“If I had an hour to solve a problem, I’d spend 55 minutes thinking about the problem and five minutes thinking about solutions.” — Albert Einstein

Have you ever felt tempted, when initially facing a problem, to grab a tool and start working away? As the quote above demonstrates, that’s not always the most effective path. Before reaching for your tool box, dedicate substantial time to understanding the obstacle you’re facing.

Momentum in any direction is not nearly as valuable as momentum in the correct direction. When, as a leader, you take the time to craft a clear goal and wrap your head around the current challenge, you prevent wasted or even harmful efforts.

Identifying the Correct Tool

""As you begin considering the various tools at your disposal, it can be tempting to weigh efficiency above all else. However, getting the job done quickly is not the same thing as getting it done well. This is an area where leaders, particularly those under a great deal of pressure to make problems disappear, can struggle. Intentionality and reflection are both key to the evaluation process.

A leader’s toolkit contains a number of different instruments falling within many categories. There are the physical tools you might use, such as laptops, whiteboards, and the like. Tools can also include items such as the software you select to provide insights and organize processes. However, the definition extends far beyond that.

Supporting Your Team

Consider that sometimes the correct tool for a job is a particular skill set. Solving your problem might involve finding and supporting the team member who possesses that skill set. You might need someone who is skilled at giving presentations or selling people on an idea. Or, another problem might call for a talented designer or expert marketer.

The systems and processes you implement within your workplace must support that team member in their important work.

Some problems are best solved by a large group of people working together. Collaboration can be a powerful tool, but it doesn’t always occur naturally. As a leader, you must identify the best manner in which to bring your team together, matching the current scenario with an appropriate system and structure. This could include:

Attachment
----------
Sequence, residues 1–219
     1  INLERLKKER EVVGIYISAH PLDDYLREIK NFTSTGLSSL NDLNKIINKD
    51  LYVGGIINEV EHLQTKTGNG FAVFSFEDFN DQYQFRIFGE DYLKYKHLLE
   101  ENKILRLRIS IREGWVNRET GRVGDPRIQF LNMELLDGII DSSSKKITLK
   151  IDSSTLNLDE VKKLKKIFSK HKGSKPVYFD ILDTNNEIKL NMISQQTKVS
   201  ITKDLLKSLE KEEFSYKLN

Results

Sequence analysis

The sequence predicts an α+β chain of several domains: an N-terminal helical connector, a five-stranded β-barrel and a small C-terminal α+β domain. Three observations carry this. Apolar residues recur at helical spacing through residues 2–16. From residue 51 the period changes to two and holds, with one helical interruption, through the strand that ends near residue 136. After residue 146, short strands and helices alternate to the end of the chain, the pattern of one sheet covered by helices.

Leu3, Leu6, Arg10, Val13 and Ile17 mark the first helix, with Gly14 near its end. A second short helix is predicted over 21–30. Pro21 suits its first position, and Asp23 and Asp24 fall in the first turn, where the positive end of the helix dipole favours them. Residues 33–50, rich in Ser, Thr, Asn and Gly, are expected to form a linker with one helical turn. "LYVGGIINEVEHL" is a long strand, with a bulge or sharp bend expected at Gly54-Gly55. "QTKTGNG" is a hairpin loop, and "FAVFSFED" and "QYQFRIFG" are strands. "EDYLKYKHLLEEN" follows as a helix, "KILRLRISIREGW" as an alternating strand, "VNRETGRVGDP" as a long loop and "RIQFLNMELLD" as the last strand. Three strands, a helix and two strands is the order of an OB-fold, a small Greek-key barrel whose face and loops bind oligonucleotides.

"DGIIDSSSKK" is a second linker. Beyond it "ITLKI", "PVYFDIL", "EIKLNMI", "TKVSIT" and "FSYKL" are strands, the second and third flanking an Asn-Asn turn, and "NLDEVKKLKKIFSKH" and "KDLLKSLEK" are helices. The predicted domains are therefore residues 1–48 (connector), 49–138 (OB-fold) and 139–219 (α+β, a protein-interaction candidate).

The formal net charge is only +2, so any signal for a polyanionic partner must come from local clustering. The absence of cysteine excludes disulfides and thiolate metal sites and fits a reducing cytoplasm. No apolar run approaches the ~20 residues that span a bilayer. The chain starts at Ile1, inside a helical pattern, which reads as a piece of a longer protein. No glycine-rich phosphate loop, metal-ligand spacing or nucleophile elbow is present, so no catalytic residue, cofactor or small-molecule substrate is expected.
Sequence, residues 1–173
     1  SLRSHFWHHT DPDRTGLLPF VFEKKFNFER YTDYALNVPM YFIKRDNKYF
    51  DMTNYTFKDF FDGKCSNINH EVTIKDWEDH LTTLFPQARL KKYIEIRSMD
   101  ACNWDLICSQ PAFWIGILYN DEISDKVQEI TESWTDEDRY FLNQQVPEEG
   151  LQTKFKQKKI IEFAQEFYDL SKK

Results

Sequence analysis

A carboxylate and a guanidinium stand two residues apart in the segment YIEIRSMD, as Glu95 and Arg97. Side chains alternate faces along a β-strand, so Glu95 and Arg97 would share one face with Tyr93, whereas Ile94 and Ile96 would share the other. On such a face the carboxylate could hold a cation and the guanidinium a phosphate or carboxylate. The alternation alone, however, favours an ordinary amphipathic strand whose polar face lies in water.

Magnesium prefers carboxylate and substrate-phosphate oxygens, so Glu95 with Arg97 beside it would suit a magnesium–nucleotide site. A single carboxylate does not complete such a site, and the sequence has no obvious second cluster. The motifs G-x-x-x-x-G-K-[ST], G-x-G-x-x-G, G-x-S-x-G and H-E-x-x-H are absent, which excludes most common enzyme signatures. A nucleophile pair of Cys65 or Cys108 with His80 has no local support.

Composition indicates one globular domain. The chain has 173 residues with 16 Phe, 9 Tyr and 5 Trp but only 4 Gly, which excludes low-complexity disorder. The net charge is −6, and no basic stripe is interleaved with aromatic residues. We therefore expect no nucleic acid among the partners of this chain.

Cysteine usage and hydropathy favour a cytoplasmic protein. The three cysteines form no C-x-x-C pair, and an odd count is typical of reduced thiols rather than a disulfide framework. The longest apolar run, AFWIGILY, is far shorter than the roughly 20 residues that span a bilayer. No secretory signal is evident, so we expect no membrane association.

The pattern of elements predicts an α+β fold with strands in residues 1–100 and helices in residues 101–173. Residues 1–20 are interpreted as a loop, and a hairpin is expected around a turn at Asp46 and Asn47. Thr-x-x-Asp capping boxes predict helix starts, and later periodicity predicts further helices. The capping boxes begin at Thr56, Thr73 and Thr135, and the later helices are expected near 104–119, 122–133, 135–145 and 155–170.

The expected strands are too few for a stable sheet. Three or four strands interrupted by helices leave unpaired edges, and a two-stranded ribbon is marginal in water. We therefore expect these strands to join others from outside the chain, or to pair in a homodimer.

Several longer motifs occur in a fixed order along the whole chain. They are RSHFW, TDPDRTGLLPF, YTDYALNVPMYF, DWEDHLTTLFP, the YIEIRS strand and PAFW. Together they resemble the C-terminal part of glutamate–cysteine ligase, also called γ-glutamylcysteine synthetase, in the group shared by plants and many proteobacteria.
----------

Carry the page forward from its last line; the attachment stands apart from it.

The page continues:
• Several small groups working concurrently
  • A group think or brainstorming session
  • A whole team working continuously together
  • The creation of an initial prototype by a few team members, followed by a larger collaborative process

The Harm of the Wrong Tool

In our book, Would You Work for You? — The Quest: Discovering the Leader Within, we wrote that “If something is missing, build it. If something is not working, fix it. Stop using the hammer if the job requires a screwdriver.”

""Using the wrong tool can be detrimental to your work, and even small liberties can have an impact. Use a screwdriver when the job calls for a screwdriver, but also make sure you’re using the right screwdriver. The wrong one might strip the screw, putting you in real trouble. You’ll have to replace the screw, you’ll have to replace the screwdriver, and you’ll have to start the project all over again because you avoided the opportunity to get it right the first time.

What Else Do You Need?

You also need to invest in your own, personal tool belt. No matter how much time you spend examining problems and building systems and processes, there will still be moments when you need the input of advisors. No one is capable of doing everything alone, without the benefit of mentorship or support. Ensure you have access to people whose perspectives and expertise you value. They’ll keep your vision clear and your tool belt filled.

Are you ready to step forward and lead? Read our free eBook to learn how to develop your leadership language and engage others.